The trigger to think more systematically on how important it is to address any form of structural violence and also in the process of artistic creation; and how this approach can contribute to peace in society has been the calling for writing from Ad Pacem in ICU. Thank you for this poster in the Honkan!
Cui, G. (2009). The Myth of Collective Authorship in Folklore Works. Tsinghua University School of Law. SSRN. https://papers.ssrn.com/sol3/papers.cfm?abstract_id=1458893 accessed 09 February 2019
Galtung, J. (1969). Violence, peace, and peace research. Journal of peace research, 6(3), 167-191. https://journals.sagepub.com/doi/abs/10.1177/002234336900600301?journalCode=jpra accessed 12 February 2019
Johansson, M., & Berge, O. K. (2014). Who owns an interpretation? Legal and symbolic ownership of Norwegian folk music. Ethnomusicology, 58(1), 30-53. https://www.jstor.org/stable/10.5406/ethnomusicology.58.1.0030?seq=1#page_scan_tab_contents accessed 12 February 2019
Liemer, S. P. (1998). Understainding Artists' Moral Rights: Primer. BU Pub. Int. LJ, 7, 41. https://heinonline.org/HOL/LandingPage?handle=hein.journals/bupi7&div=9&id=&page= accessed 12 February 2019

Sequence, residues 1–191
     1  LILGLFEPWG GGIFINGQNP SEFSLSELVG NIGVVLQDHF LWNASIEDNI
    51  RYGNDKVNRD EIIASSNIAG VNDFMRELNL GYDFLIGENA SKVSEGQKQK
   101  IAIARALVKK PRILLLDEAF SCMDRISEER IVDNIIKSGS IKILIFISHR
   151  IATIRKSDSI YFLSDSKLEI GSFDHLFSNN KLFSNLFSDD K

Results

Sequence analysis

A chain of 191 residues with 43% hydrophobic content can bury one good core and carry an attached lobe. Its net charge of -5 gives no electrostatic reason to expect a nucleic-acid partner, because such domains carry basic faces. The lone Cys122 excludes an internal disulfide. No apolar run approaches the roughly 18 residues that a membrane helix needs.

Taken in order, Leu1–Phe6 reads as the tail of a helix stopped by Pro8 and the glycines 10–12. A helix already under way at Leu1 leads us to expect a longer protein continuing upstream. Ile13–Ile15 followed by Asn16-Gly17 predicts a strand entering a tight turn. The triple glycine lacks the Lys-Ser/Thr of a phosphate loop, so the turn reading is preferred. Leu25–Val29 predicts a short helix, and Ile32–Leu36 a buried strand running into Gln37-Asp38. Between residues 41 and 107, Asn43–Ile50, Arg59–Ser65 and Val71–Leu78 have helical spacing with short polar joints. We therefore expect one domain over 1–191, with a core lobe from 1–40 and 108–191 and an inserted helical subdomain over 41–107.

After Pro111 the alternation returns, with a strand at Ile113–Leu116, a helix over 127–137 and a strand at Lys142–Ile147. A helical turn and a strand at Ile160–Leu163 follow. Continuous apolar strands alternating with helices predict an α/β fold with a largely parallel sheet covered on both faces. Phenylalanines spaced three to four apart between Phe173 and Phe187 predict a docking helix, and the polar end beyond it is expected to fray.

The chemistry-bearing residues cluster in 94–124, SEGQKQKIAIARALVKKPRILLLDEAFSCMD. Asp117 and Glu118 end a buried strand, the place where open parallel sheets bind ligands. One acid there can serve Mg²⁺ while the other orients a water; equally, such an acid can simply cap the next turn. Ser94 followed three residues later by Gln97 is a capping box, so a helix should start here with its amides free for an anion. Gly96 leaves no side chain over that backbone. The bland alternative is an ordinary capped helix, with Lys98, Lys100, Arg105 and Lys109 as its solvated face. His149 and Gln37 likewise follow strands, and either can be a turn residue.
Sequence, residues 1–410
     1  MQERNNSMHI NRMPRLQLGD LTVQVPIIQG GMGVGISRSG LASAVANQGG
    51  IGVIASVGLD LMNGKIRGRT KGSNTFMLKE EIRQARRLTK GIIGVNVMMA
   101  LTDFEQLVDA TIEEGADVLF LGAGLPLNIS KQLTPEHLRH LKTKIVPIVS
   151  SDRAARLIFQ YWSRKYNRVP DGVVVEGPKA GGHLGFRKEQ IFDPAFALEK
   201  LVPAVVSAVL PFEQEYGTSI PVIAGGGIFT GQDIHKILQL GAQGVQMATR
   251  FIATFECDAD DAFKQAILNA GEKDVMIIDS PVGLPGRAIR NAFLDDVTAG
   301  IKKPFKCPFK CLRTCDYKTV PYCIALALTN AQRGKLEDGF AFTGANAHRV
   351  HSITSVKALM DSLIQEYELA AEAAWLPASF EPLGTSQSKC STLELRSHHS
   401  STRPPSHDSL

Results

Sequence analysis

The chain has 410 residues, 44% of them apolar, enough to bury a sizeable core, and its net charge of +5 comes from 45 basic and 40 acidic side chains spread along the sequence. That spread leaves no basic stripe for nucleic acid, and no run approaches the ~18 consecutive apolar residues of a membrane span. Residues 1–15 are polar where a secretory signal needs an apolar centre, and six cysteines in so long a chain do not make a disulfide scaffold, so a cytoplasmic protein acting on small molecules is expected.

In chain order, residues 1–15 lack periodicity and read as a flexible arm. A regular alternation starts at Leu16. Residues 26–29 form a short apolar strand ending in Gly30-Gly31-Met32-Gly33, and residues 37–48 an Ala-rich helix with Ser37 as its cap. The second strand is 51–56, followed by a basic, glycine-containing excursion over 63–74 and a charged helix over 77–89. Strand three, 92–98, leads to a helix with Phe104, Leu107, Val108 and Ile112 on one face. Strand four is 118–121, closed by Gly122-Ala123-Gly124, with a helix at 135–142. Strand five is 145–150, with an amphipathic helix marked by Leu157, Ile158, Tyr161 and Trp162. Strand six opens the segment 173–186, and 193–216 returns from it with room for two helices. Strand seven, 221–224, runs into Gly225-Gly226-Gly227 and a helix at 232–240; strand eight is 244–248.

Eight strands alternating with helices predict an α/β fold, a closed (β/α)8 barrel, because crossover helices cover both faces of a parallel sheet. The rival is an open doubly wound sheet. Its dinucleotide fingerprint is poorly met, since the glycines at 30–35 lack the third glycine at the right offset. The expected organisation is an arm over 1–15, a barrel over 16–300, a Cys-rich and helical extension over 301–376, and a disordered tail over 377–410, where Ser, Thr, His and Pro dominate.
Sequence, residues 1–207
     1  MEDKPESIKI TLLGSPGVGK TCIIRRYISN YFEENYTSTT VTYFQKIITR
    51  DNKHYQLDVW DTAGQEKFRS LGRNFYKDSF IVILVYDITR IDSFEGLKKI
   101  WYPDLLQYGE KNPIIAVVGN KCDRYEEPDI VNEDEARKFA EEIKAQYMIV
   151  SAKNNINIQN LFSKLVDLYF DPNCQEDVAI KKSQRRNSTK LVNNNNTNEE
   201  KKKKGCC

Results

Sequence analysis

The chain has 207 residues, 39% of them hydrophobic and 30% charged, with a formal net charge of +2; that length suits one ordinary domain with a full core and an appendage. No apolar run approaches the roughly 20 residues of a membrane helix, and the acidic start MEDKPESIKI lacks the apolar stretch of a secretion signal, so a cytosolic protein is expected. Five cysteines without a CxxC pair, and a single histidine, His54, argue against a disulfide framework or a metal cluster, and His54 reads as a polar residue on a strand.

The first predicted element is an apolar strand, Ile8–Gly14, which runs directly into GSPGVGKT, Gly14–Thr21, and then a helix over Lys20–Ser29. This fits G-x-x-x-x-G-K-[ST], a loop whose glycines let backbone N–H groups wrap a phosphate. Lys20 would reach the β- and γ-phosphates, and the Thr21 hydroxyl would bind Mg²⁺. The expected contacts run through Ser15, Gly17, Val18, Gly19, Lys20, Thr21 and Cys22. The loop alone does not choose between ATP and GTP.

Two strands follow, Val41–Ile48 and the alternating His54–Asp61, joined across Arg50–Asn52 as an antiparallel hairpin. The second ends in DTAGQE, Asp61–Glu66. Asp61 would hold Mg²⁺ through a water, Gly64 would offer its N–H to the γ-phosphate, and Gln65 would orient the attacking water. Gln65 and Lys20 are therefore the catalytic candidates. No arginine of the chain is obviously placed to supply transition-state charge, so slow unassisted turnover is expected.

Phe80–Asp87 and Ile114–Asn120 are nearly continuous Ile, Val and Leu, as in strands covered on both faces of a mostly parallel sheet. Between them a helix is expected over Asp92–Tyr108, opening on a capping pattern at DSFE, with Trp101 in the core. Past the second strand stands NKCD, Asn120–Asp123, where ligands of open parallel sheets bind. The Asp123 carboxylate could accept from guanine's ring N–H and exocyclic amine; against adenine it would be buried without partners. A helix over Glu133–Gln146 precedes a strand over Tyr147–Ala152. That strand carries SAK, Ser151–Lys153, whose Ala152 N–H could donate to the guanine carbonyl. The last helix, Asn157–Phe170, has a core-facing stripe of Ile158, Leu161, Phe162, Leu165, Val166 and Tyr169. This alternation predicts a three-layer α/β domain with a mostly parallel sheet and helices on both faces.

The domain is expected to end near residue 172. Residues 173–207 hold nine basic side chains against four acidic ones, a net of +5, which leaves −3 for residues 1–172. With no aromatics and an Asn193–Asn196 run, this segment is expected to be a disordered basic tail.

(1) Ghost authorship: Research Ethics e-Learning Course Manual (ver 1.1) https://www.netlearning.co.jp/clients/jsps/manual/manual_en.pdf accessed 10 February 2019.
April 11, 2019
9:30 am Thursday, Tokyo (GMT+9)
Folk Art, Katazome, Structural Violence, Mingei Movement, Japan, Ghost Authorship
About the author
Maria Santa Maria
Borin in Madrid, Maria is a medical doctor with a PhD in environmental epidemiology, who has worked for nearly 30 years at the World Health Organisation mainly in epidemic responses. A traditional textile dyer of "katazome" for several decades as well, her works were accepted at the Japanese Traditional Crafts Exhibition in dyeing for three consecutive years from 1988 - 1990 . At present she is a PhD student at ICU focusing on the sustainability of traditional folk textile dyeing. Her hobbies inlcude learning new traditions, dyeing and trekking. In the future she would like to broaden her knowledge in Japanese traditional textile techniques and the traditional fashion scene in the country with an approach to current social and economic adaptability.